Fay Maschler became the restaurant critic for the London Evening Standard in 1972 when she won a three month contract in a writing competition. She has since reviewed thousands of restaurants and is the UK's most respected restaurant critic. Fay recently launched her own London restaurant consultancy, A Private View, and is the co-founder of the London Restaurant Festival.
How long have you been planning the London Restaurant Festival for?
It was when the London restaurant awards were last year – the sponsor had just pulled out because of the recession biting and I just thought there’s got to be something better than this. It was disappointing for all the chefs who’d bought expensive tables in The Grosvenor House and so I thought let’s have a London Restaurant Week like London Fashion Week, which gets a lot of support. They get a reception at Downing Street which never happens to restaurateurs.
Has the reception from chefs been good?
Well yes, because all we’re trying to do is put bums on seats. It’s not like Taste of London – they don’t have to make that investment of time and money and equipment. They just carry on as usual, but we’re trying to push customers towards them. I mean Henry Harris at Racine said he’s got a lot of bookings for that week already so that’s jolly good. So he’s happy – what’s not to be happy about?
Which of the key events are you most looking forward to?
I like the idea of the Simon Schama lecture. I like the idea of bringing a Reithian lecture quality to a subject that everyone always thinks is a bit mundane – so that’s one I think that’s going to be a bit different, rather than highbrow.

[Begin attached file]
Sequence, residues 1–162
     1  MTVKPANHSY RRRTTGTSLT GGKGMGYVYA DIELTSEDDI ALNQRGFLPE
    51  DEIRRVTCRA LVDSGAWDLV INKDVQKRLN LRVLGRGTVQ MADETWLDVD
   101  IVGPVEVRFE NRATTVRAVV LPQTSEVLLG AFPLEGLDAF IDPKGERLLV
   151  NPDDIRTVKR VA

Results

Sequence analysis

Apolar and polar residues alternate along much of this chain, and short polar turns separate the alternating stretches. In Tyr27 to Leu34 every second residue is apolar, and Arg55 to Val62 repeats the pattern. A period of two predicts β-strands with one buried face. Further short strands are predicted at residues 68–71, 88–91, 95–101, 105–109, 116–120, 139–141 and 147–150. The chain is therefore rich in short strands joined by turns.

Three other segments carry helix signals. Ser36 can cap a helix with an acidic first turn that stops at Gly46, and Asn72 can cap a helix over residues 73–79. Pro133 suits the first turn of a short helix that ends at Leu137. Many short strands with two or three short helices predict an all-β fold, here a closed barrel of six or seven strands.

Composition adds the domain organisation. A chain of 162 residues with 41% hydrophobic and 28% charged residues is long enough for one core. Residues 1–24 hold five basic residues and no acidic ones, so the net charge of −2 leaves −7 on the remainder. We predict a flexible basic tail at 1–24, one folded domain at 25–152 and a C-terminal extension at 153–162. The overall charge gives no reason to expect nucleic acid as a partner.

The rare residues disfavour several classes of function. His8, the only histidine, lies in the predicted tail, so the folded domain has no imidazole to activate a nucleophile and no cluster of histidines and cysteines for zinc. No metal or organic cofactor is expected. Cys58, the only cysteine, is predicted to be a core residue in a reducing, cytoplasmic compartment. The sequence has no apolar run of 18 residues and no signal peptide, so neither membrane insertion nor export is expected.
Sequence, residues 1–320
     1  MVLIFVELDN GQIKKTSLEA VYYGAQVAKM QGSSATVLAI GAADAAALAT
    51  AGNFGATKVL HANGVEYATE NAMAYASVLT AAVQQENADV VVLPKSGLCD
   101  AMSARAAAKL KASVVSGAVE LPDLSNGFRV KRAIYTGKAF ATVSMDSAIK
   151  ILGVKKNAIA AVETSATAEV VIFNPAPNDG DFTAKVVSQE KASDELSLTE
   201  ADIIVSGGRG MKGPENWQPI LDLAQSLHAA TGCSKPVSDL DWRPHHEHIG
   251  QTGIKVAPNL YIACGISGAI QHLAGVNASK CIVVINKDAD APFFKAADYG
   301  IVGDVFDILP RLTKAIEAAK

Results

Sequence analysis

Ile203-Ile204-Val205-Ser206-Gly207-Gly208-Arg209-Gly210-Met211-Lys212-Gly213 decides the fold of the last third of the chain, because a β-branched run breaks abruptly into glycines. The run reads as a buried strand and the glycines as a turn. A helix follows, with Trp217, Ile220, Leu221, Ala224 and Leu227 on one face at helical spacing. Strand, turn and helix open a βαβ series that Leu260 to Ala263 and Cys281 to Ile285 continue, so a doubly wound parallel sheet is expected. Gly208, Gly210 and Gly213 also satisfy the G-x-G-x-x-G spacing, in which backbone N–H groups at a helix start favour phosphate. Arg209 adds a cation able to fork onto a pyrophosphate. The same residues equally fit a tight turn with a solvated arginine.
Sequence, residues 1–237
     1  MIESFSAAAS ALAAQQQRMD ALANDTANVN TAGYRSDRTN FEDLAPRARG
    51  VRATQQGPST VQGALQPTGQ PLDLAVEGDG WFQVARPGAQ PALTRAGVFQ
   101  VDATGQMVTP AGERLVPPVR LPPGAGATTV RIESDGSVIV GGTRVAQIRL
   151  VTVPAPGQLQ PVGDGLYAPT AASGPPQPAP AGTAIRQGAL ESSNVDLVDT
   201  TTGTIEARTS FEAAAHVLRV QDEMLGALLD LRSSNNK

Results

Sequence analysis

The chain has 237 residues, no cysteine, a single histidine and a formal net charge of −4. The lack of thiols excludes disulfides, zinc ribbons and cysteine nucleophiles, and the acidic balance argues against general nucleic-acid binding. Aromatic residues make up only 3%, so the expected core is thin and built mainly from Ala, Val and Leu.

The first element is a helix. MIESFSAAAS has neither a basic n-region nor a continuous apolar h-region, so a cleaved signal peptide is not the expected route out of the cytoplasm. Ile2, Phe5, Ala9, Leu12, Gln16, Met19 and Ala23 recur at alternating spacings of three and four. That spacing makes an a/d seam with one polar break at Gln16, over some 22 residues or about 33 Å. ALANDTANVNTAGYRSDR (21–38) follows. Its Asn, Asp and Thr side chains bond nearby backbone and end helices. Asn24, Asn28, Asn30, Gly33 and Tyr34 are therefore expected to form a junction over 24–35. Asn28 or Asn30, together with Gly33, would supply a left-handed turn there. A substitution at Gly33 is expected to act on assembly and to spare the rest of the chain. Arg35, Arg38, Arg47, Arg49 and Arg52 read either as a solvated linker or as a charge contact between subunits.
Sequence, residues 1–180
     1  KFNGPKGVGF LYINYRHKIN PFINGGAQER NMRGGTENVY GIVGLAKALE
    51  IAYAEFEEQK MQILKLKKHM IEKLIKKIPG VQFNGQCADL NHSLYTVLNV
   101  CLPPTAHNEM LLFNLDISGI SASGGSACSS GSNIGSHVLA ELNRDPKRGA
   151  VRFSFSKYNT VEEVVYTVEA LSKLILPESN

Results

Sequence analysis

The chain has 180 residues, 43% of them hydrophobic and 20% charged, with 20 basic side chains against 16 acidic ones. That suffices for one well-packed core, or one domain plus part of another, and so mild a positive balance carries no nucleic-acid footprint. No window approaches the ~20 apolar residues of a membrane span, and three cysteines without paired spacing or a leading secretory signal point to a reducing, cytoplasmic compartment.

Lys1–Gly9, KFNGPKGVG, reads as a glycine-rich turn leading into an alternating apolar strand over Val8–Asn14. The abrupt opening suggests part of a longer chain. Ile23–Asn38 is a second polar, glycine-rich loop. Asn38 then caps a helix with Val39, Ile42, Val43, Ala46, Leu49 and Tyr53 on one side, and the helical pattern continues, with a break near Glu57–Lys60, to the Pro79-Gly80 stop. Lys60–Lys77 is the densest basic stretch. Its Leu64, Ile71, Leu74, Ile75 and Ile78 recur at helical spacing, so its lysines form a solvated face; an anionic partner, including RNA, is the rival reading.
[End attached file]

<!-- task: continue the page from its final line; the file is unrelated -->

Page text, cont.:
So what is it about the London restaurant scene that distinguishes it from other cities?
I think it’s just a different mix – it’s to do with immigration. The history of English food is pretty dismal so obviously you’re going to get a different kind of cuisine developing. Apart from Fergus [Henderson] reinventing how we look at English food, there wasn’t much to gild – it was always imported; it was always Cypriot or French. So I think our restaurants developed in a very individual way. It’s different to Paris where everything’s French basically.
And what about Londoners – how have we changed when it comes to eating out?
I think the change has been that everyone goes to restaurants. When I started in 1972, it was something you did occasionally. It was a treat. It was formal – there wasn’t that kind of flexibility that exists now, that you could eat any time of day, any size of plate. I think that’s been an interesting development – that whole ‘small plate’ thing. Because what it’s saying is we’ll accommodate you, the customer. It gives you a choice that the more formal kind of meal didn’t give you.
You used to be able to get a curry or a Chinese meal, but now you can get a Gujarati meal or a Goanese meal or a Szechuan meal, so it’s all gotten sophisticated, but not necessarily more expensive. I think it’s much more affordable now to eat out than it used to be. Even mobile phones – it’s much easier to make arrangements to eat out than it used to be when you had to ring someone and hope they were at home.
What upcoming London openings are you particularly excited about?
The Galvin brothers - they’re opening in Spitalfields, there’s the Dean Street Townhouse and Pizza East which is going to open on the night of our awards, thanks to the cooperation of Nick Jones.
And what was the best meal you ate recently?
Probably my own cooking!
The London Restaurant Festival runs from 8 - 13 October 2009.